Palate revolutionDo you remember the revolution? It was...


April 26, 1992|By Karol V. Menzie | Karol V. Menzie,Staff Writer

Palate revolution

Do you remember the revolution? It was spring of 1982, and Workman Publishing had just begun shipping out a somewhat tentative 17,000 copies of the "Silver Palate Cookbook," by Julee Rosso and Sheila Lukins. The recipes were based on the food served at the pair's popular New York carryout, the Silver Palate. Suddenly it was all right to adore garlic, and to blend savory and sweet flavors. It was OK to add herbs by the handful and spices by the tablespoon to liven up simple, fresh ingredients. It was great food, and it was great fun.

It's been 10 years and 2 million copies, and the cookbook will enter James Beard's "Cookbook Hall of Fame" in a gala celebration May 4 in New York.

As part of the birthday celebration, Workman is issuing a special paperback edition of the cookbook at the original price of $9.95 -- and in a confident printing of 145,000 copies. If your old copy is dog-eared and sauce-spattered, now's the time to replace it.

Among the most popular recipes in the book is this one for a special chicken dish. The authors introduced it this way:

"This was the first main-course dish to be served at the Silver Palate, and the distinctive flavors of the prunes, olives and capers have kept it a favorite for years."

"Overnight marination is essential to the moistness of the finished product: The chicken keeps and even improves over several days of refrigeration; it travels well and makes excellent picnic fare.

"Since Chicken Marbella is such a spectacular party dish, we give quantities to serve 10 to 12, but the recipe can successfully be divided to make smaller quantities if you wish."

Chicken Marbella

rves 10 to 12

4 chickens, 2 1/2 pounds each

1 head garlic, peeled and finely pureed

1/4 cup dried oregano

coarse salt and freshly ground pepper to taste

cup red wine vinegar

cup olive oil

1 cup pitted prunes

1/2 cup pitted Spanish green olives

1/2 cup capers with a bit of juice

bay leaves

1 cup brown sugar

1 cup white wine

1/4 cup Italian parsley, or fresh coriander (cilantro), finely chopped

In a large bowl, combine chicken quarters, garlic, oregano, pepper and coarse salt to taste, vinegar, olive oil, prunes, olives, capers and juice and bay leaves. Cover and let marinate, refrigerated, over night.

Heat the oven to 350 degrees.

Arrange the chicken in a single layer in one or two large, shallow baking pans and spoon marinade over it evenly. Sprinkle chicken pieces with brown sugar and pour white wine around them.

Bake for 50 minutes to 1 hour, basting frequently with pan juices. Chicken is done when thigh pieces, pricked with a fork at their widest, yield clear yellow (rather than pink) juice.

With a slotted spoon, transfer chicken, prunes, olives and capers to a serving platter. Moisten with a few spoonfuls of pan juices and sprinkle generously with parsley or cilantro. Pass remaining pan juices in a sauce-boat.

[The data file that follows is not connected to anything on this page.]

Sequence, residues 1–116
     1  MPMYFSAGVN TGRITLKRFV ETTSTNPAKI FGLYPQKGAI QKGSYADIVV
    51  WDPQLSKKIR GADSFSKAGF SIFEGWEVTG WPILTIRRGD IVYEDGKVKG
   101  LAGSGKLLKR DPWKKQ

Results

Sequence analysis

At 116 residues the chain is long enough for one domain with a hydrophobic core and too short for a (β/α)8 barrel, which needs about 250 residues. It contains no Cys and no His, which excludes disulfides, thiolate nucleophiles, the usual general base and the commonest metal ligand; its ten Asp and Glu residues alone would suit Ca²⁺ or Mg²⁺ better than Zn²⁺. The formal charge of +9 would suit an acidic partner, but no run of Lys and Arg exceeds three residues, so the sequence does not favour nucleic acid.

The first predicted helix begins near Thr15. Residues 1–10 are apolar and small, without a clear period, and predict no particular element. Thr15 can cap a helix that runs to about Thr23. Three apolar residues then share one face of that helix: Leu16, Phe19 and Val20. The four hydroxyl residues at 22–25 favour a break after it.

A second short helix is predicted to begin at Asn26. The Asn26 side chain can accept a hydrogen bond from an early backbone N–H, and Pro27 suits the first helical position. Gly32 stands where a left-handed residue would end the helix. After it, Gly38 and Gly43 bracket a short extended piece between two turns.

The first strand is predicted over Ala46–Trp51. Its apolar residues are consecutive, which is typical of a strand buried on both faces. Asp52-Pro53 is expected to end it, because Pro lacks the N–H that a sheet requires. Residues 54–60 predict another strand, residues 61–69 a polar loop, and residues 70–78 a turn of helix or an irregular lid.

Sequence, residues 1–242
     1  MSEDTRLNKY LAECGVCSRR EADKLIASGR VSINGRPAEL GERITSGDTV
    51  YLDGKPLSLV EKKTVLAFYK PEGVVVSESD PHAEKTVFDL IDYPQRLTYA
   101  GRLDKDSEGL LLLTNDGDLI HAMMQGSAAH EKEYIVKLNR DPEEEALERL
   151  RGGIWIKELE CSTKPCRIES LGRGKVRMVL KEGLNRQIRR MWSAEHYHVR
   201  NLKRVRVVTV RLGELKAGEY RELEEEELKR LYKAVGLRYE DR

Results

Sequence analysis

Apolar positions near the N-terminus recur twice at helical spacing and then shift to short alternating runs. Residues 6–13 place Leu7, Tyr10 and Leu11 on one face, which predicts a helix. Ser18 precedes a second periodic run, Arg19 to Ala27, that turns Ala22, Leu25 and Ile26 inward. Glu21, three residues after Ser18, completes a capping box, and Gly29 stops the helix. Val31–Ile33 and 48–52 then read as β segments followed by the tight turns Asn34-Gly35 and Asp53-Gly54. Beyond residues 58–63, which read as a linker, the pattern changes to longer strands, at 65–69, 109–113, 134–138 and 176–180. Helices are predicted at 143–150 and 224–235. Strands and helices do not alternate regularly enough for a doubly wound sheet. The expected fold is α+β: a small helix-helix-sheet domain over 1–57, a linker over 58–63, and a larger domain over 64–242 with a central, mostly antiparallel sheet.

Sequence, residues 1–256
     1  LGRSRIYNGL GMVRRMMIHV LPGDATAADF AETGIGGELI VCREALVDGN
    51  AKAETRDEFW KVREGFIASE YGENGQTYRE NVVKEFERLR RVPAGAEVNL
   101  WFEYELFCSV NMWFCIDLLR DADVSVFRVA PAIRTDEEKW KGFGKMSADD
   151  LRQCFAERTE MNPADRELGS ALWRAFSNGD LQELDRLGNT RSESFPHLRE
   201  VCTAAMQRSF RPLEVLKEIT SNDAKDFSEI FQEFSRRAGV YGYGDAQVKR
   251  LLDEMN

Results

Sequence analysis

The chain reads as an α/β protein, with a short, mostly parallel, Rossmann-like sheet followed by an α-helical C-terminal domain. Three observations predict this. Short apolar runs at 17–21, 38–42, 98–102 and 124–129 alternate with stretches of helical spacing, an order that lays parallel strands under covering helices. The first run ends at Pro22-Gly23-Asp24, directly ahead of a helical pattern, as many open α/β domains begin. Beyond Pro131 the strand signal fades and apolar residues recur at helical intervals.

(In the 10 years since this recipe was first published, people have become far more concerned about the possibility of bacterial contamination in poultry. According to the USDA's Meat and Poultry Hot Line, which answers questions about food safety and nutrition, there's no problem with serving the marinade in this recipe, as long as it and the chicken are thoroughly cooked; if the directions are followed, it will be. However, hot line home economists said they couldn't recommend a suggestion in the original recipe that the chicken be served at room temperature.)

In the mood for a good steak? Ruth Fertel and Steve de Castro want to make sure you can satisfy that craving: They've picked an Inner Harbor site for the country's 32nd Ruth's Chris Steak House. The restaurant, which calls itself "The Home of Serious Steaks," was founded in 1965 in New Orleans by Ms. Fertel. There are 31 other Ruth's Chris Steak Houses in 17 other states and the District of Columbia; all feature prime beef, never frozen, hand cut daily on the premises and broiled on specially built broilers at a temperature of 1,800 degrees.

"We think Baltimore is ready for a prime steak house," said Mr. de Castro, a native of Cuba who managed the D.C. Ruth's Chris for six years and who will own the franchised operation in Baltimore. "I've been looking at Baltimore for the last four or five years" as a potential site for a steak house, he said. "It's a great town."

Besides steak, the restaurant will also offer seafood, Maine lobster, prime lamb, veal and pork chops, crab cakes, salads and eight kinds of potatoes. The wine list will offer more than 140 labels. Entree prices will range from $14.95 to $22.95. The restaurant will seat 275 people; a lounge that opens at 4 p.m. will seat 40. And perhaps the best news of all is that there will be free valet parking from the front door, starting at 5 p.m.

The restaurant is located at 600 Water St. Hours are 5 p.m. to 11 p.m.

Food and wine

Baltimore Sun Articles
Please note the green-lined linked article text has been applied commercially without any involvement from our newsroom editors, reporters or any other editorial staff.